Last Update: Thursday, May 16, 2013
|Getting The Swagger Back|
|Written by Mike Terry Contributing Writer|
|Thursday, 02 August 2012 02:52|
Taft Football Took A Beating Last Season And The Toreadors Are Out To Prove That Was An Aberration, Not A Trend
Bull Fighters -- Three of Taft's top players (l-r) Anton Hayward, Justin Martinez and Devon Hawkins are united in their plans for the Toreadors to return atop the West Valley League.
Losing football seasons don't often occur at Taft. And when they do, they're usually not allowed to multiply.
So the first order of business for the 2012 Toreadors is not to repeat the misery of 2011, when the offense struggled to score, and the defense struggled to stop anyone.
Okay the overall record – 4-7 – wasn't that bad. Taft did have a winning West Valley League (3-2) and the team still made the Division I playoffs.
It was the lopsided nature of the losses that took a toll on first year Coach Chris Rizzo: 35-0 to Notre Dame, 56-0 to Sandy (UT) Alta, 56-7 to Crespi, 48-7 to El Camino Real, and 41-14 to Venice in the first round of the playoffs.
"It was a concern," said Rizzo, when asked how he kept any feelings of discouragement from seeping into his staff or players. "I'm an emotional guy and I don't like to sugarcoat things, tell you it's going good when it's not. I like to be a realist in my coaching aspects.
"So I wasn't really hiding it, it was more looking for answers and how do we fix things. Do we move forward, get better, and keep getting better?"
There was a good reason why Rizzo – who replaced the departed Matt Kerstetter as head coach – and Taft slogged through such tough times.
The team was young; in fact, by football standards it was practically infantile. There were only seven returning starters, and not many impact juniors and seniors. Rizzo found himself having to start freshmen and sophomores to force them through a learning curve he hoped could restore Taft more quickly to the caliber of competitor it has been for the past 20 years.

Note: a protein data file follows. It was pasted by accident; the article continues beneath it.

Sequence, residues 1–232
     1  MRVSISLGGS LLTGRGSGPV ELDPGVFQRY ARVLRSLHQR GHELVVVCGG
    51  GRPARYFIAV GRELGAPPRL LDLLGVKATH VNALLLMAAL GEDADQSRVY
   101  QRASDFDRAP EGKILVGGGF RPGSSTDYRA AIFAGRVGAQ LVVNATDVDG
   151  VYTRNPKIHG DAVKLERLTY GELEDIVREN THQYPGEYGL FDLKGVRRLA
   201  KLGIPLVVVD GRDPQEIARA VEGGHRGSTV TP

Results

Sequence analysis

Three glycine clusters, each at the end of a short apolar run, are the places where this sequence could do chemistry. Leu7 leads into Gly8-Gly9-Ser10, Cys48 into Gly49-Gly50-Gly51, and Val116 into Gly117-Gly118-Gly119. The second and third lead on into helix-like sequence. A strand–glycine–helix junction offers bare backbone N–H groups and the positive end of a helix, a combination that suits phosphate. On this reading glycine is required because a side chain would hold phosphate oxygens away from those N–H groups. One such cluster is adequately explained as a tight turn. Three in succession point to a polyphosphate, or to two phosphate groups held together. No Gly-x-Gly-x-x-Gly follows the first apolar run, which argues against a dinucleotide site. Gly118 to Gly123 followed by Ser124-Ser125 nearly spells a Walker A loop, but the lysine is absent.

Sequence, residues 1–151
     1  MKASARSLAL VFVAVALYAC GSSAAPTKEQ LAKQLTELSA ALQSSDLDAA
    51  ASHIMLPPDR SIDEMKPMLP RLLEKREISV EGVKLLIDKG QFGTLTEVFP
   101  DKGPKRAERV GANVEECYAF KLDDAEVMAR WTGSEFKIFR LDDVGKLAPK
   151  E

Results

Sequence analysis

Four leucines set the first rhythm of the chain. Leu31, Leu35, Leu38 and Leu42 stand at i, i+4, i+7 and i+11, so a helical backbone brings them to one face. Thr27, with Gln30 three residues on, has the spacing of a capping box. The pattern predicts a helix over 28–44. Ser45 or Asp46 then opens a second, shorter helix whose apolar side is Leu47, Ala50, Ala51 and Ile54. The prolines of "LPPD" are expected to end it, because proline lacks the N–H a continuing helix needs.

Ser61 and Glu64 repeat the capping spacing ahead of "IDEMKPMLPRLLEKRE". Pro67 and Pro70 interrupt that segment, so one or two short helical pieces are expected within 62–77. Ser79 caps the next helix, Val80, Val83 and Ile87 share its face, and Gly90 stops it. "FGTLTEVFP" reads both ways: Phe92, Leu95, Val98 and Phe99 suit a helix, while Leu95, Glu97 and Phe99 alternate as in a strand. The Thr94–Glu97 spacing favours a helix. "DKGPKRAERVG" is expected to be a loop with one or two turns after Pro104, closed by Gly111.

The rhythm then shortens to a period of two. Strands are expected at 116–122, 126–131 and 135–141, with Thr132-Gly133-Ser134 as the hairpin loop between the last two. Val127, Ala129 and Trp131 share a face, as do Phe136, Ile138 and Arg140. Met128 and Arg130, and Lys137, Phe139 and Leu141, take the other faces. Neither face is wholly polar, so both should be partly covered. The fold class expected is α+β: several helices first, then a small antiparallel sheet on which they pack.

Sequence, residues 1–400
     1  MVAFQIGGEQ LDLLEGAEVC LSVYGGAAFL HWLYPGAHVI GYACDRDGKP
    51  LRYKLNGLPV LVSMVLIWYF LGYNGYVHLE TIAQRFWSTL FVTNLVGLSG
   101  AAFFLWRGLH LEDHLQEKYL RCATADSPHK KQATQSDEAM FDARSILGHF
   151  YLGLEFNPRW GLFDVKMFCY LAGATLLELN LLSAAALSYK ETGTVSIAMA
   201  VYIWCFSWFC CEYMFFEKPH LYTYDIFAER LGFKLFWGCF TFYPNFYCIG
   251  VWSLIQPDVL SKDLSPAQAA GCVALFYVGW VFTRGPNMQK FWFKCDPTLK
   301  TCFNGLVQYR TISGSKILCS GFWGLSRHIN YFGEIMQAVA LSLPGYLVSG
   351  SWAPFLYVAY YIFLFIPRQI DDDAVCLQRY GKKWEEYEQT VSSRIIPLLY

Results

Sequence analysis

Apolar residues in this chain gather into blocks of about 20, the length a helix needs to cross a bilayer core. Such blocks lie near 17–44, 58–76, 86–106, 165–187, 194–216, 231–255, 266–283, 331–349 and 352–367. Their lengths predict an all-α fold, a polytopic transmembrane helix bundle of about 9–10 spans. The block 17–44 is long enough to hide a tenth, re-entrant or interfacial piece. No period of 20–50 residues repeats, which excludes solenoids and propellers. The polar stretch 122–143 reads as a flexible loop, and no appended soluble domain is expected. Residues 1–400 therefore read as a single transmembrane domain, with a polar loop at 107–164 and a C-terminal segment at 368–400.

How it pays off will be worth watching as the season progresses. But make no mistake; with 28 returners who now have a year's experience with the Rizzo way to play, the Toreadors are expecting dividends instead of more angst.
"Now we have 28 guys with varsity experience. It makes a big difference just going into practice," Rizzo said. "As opposed for being crunched for time to get all these guys ready, now we have a lot of guys coming back with varsity experience. We took our lumps last year but it was a learning process. These kids learned, and took things to heart."
Devon Hawkins, 16, a senior, is one of those players eager to sweep away the remaining ashes of the 2011. The 6-4, 185- pound wide receiver is the type of athlete Taft consistently attracts, as in Division I capable.
Now he and Taft have some reputations to restore.
"We want to put last year in the past and make this year an even better year," Hawkins said. "A lot of people talk about last year – 'ya'll didn't do nothin',' 'your record was weak' – so this year you want to prove people wrong, and make sure you get known and noticed out there."